$100 trillion - the economic cost of antimicrobial resistance
Antimicrobial resistance could reduce global GDP by up to 3.5% – a cumulative cost of $100 trillion – by 2050, Chancellor George Osborne has warned.
Osborne said that the latest evidence suggested that by 2050 10 million people a year could die globally as a result– which is more than currently die from cancer each year.
He warned that apart from the consequences for human health, there will be an ‘enormous economic cost’ too. He said that by 2050, antimicrobial resistance could reduce global GDP by up to 3.5 per cent – a cumulative cost of $100 trillion.
The Chancellor said the reimbursement models for antibiotics and diagnostics are ‘broken’ and called for a global overhaul.
He backed a proposal from Treasury minister Lord O’Neill and others to create ‘market entry rewards’; large lump sums paid to a pharmaceutical company, or set of companies, that successfully get a new antibiotic or diagnostic to market.
The Chancellor said: “We have to dramatically shift incentives for pharmaceutical companies and others to create a long-term solution to this problem, with new rewards, funded globally, that support the development of new antibiotics and ensure access to antibiotics in the developing world.
“To achieve a long-term solution we also need better rapid diagnostics that will cut the vast amounts of unnecessary antibiotic use," he added.
Urbis Schréder launches smart lighting
LED lighting solutions provider Urbis Schréder has launched the Shuffle, a smart, interactive lighting column designed to encourage social connectivity in towns and cities.
The Shuffle interactive lighting column integrates features such as:
• Night vision
• Wireless internet
• Electric vehicle charging
• Visual guidance
Adam Rice, marketing manager, Urbis Schréder said: “The Shuffle is an enabler for Smart Cities. The challenge for local authorities to offer safety and well-being to their citizens, while taking into account financial and environmental factors, is huge. Cities and managers of any and all spaces will have to become smarter when implementing the variety of new technology, while ensuring that these benefits are made available.”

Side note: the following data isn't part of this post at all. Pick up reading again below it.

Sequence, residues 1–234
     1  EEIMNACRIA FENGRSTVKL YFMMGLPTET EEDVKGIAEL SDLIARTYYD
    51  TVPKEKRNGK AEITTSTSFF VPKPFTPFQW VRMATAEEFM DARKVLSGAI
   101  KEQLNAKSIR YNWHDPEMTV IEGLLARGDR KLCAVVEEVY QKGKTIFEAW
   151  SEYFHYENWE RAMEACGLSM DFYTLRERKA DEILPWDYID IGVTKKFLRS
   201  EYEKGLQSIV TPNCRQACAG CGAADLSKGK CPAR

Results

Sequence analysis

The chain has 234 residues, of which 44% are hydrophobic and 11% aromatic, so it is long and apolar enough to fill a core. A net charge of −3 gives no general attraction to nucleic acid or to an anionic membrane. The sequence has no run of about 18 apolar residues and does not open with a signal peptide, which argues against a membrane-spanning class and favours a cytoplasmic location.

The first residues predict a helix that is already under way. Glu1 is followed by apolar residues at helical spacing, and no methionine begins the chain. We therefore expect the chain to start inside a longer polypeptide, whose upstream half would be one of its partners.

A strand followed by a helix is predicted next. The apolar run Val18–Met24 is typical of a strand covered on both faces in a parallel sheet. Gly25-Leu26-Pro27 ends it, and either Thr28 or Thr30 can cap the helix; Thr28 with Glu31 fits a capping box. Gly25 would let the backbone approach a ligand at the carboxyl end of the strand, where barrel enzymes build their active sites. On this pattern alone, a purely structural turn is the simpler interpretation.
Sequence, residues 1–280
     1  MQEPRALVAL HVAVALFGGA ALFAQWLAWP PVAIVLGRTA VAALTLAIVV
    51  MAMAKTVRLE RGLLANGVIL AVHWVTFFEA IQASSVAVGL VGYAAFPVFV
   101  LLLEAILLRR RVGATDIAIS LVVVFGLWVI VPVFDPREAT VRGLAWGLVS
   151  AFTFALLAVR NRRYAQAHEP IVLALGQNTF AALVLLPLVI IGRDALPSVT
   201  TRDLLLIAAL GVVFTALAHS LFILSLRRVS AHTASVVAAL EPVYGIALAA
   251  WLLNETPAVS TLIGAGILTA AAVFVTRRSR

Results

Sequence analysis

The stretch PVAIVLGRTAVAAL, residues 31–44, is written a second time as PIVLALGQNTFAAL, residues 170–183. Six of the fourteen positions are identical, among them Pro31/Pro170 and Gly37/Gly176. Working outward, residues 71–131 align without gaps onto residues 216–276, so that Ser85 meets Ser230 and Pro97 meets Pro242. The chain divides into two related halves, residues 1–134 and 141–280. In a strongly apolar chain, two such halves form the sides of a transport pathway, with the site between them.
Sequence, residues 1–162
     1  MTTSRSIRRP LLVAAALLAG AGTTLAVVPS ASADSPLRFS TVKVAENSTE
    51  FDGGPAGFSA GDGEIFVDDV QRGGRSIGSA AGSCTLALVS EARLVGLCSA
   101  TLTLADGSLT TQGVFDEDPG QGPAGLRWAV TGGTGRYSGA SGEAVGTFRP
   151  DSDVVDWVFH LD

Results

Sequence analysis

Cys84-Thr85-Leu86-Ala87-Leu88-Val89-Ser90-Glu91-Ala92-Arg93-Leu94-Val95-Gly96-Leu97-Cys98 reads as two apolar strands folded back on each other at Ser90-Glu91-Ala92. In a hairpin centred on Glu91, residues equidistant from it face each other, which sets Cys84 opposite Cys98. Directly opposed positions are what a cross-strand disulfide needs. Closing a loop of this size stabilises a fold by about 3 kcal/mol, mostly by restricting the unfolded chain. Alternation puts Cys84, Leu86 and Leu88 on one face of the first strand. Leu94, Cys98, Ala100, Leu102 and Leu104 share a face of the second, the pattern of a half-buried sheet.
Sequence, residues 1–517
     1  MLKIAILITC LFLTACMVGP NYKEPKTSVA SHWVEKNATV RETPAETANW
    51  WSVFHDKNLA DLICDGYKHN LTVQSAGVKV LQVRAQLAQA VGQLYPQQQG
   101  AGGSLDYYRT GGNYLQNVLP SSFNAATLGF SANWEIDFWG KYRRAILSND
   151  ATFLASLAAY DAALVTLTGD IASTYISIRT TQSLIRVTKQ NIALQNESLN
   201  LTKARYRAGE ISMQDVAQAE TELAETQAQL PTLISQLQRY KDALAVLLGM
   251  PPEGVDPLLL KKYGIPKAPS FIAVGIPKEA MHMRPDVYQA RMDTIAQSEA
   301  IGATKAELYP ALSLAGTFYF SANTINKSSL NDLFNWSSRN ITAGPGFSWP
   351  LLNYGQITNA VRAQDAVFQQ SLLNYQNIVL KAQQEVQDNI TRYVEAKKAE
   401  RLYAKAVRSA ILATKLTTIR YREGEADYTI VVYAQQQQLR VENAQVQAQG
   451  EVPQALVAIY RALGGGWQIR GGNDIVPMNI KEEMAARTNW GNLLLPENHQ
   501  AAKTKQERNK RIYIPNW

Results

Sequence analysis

Interactive screens on packages
Instead of reading a label, consumers could be interacting with an electronic screen on packaging in the future, thanks to a new development by scientists at the University of Sheffield.
The scientists collaborated with technology company Novalia to create a new way of displaying information on packaging, a move that could revolutionise the packaging industry.
This technology could be used in greetings cards or products where a customer could receive a simple message. More complex developments could include a countdown timer on the side of a packet to indicate when a timed product was ready - such as hair-dye, pregnancy tests or home-baking using a ‘traffic lights’ system.
Prof David Lidzey of the University’s Department of Physics and Astronomy said: “Labels on packaging could become much more innovative, and allow customers to interact with and explore new products. The use of displays or light emitting panels on packaging will also allow companies to communicate brand awareness in a more sophisticated manner.”
Chris Jones of Novalia said: “The paper-based packaging industry is worth billions of dollars. This innovative system we have developed with the University of Sheffield could give manufacturers a way to gain market share by being able to distinguish its products from competitors.”
Redx Pharma relocates to Alderley Park
Drug developer Redx Pharma is to relocate its head office from Liverpool to Alderley Park, reports Insider.
The company has outlined plans to create a 74,000 sq ft drug development facility that brings together its three subsidiaries onto a single site.
Redx's chief executive Neil Murray said the Cheshire bioscience hub is a "truly world-class facility".
New chairman at Norwich Research Park
Prof David Richardson has been announced as the new chair of Norwich Research Park.
David joined the board at its inception in 2012 is taking over the role from Anthony Habgood, who recently concluded his three-year tenure as chair of the Park.
Appointed vice-chancellor of the University of East Anglia in January 2014, Prof Richardson joined the University in 1991 and has held a series of leadership positions including dean of the faculty of science, pro-vice-chancellor for research, enterprise and engagement, and deputy vice-chancellor.
He is also a former member of the governing council of the Biotechnology and Biological Sciences Research Council, which plays a key role in the shaping of UK research policy.
UK IT bosses “shying away from innovation”
UK IT bosses are among the most conservative in Western Europe, focusing on keeping the lights on and shying away from innovation or adopting new approaches, reports The Register.
Research from MSP Claranet, covering 900 IT decision makers across Europe, suggests France, Spain, and the Benelux countries are the most progressive regions. The UK, alongside Germany and Portugal, was seen as “lagging behind and more resistant to change”.